related topics 
{theory, work, human} 
{game, team, player} 
{law, state, case} 
{company, market, business} 
{rate, high, increase} 
{math, number, function} 
{war, force, army} 
{car, race, vehicle} 
{style, bgcolor, rowspan} 
{group, member, jewish} 

The prisoner's dilemma is a fundamental problem in game theory that demonstrates why two people might not cooperate even if it is in both their best interests to do so. It was originally framed by Merrill Flood and Melvin Dresher working at RAND in 1950. Albert W. Tucker formalized the game with prison sentence payoffs and gave it the "prisoner's dilemma" name (Poundstone, 1992).
A classic example of the prisoner's dilemma (PD) is presented as follows:
If we assume that each player cares only about minimizing his or her own time in jail, then the prisoner's dilemma forms a nonzerosum game in which two players may each either cooperate with or defect from (betray) the other player. In this game, as in most game theory, the only concern of each individual player (prisoner) is maximizing his or her own payoff, without any concern for the other player's payoff. The unique equilibrium for this game is a Paretosuboptimal solution, that is, rational choice leads the two players to both play defect, even though each player's individual reward would be greater if they both played cooperatively.
In the classic form of this game, cooperating is strictly dominated by defecting, so that the only possible equilibrium for the game is for all players to defect. No matter what the other player does, one player will always gain a greater payoff by playing defect. Since in any situation playing defect is more beneficial than cooperating, all rational players will play defect, all things being equal.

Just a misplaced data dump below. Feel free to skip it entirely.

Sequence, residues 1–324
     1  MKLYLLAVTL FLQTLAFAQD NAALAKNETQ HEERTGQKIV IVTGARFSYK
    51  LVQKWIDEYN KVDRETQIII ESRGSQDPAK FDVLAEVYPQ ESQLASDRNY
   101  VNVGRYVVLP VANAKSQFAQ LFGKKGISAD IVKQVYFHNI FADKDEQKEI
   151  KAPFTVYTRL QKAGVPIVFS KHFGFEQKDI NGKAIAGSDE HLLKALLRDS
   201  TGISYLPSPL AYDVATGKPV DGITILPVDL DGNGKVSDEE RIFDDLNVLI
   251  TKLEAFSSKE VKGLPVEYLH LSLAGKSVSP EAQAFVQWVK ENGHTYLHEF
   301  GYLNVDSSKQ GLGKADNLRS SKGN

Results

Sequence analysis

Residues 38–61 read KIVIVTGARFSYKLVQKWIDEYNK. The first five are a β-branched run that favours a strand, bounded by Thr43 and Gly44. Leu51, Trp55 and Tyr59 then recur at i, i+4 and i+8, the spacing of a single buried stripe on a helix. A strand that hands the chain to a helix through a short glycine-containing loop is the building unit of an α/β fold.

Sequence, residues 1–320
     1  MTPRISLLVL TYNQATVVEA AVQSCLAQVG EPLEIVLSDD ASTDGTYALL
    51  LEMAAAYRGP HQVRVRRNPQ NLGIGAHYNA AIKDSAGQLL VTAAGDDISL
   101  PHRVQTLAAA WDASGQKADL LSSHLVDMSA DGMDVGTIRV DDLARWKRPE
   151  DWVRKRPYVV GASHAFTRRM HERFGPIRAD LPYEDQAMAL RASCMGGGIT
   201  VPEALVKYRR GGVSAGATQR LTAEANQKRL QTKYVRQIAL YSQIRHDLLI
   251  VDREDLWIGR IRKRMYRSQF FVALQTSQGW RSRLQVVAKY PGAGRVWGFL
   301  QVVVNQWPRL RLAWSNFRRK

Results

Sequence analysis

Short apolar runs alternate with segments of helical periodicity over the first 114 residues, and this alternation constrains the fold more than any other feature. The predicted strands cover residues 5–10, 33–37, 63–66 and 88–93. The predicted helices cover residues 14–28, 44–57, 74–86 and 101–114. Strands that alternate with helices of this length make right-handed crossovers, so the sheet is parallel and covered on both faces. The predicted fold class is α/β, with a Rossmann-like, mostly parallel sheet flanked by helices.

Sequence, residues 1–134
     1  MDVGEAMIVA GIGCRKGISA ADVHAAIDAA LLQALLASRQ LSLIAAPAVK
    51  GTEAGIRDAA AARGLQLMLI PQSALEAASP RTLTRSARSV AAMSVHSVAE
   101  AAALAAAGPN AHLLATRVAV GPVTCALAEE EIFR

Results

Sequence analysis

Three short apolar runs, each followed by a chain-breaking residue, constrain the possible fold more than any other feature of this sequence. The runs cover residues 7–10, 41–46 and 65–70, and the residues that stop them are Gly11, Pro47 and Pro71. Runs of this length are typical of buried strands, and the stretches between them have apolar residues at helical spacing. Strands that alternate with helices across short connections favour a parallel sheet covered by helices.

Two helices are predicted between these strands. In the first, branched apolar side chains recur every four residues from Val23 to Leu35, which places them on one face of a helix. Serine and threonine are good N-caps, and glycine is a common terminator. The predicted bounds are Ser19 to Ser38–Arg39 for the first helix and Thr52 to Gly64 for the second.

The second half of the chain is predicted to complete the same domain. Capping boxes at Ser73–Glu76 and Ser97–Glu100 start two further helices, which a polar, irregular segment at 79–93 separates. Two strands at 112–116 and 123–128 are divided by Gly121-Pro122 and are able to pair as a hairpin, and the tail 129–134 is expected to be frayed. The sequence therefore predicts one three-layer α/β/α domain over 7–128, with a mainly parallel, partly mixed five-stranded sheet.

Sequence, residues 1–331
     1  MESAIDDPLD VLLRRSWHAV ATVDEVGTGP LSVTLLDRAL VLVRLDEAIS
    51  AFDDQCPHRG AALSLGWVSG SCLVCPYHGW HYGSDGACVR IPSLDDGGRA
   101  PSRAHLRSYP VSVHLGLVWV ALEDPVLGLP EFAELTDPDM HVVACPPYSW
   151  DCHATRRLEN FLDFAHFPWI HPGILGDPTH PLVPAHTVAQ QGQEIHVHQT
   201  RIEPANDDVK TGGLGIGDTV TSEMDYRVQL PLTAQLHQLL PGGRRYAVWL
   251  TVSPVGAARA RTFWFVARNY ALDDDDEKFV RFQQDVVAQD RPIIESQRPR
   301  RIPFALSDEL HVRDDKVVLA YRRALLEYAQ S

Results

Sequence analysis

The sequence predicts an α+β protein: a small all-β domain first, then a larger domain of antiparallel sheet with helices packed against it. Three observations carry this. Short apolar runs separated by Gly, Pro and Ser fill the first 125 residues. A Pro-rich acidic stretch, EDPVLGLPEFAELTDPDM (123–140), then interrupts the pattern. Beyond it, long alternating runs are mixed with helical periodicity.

In the iterated prisoner's dilemma, the game is played repeatedly. Thus each player has an opportunity to punish the other player for previous noncooperative play. If the number of steps is known by both players in advance, economic theory says that the two players should defect again and again, no matter how many times the game is played. However, this analysis fails to predict the behavior of human players in a real iterated prisoners dilemma situation, and it also fails to predict the optimum algorithm when computer programs play in a tournament. Only when the players play an indefinite or random number of times can cooperation be an equilibrium, technically a subgame perfect equilibrium meaning that both players defecting always remains an equilibrium and there are many other equilibrium outcomes. In this case, the incentive to defect can be overcome by the threat of punishment.
In casual usage, the label "prisoner's dilemma" may be applied to situations not strictly matching the formal criteria of the classic or iterative games, for instance, those in which two entities could gain important benefits from cooperating or suffer from the failure to do so, but find it merely difficult or expensive, not necessarily impossible, to coordinate their activities to achieve cooperation.
Contents
Full article ▸


related documents 
Lev Vygotsky 
Socratic method 
Conceptual metaphor 
Judith Butler 
Erich Fromm 
Northrop Frye 
Power (philosophy) 
Intellectual capital 
Confirmation bias 
A New Kind of Science 
Game theory 
Fortunetelling 
Guns, Germs, and Steel 
Antonio Gramsci 
Averroes 
Socionics 
Rationalism 
Socialist realism 
Technological singularity 
William James 
Where Mathematics Comes From 
Fallacy 
Cultural studies 
PierreJoseph Proudhon 
Bob Black 
John Ruskin 
Nobel Prize in Literature 
Irony 
John Rawls 
Fact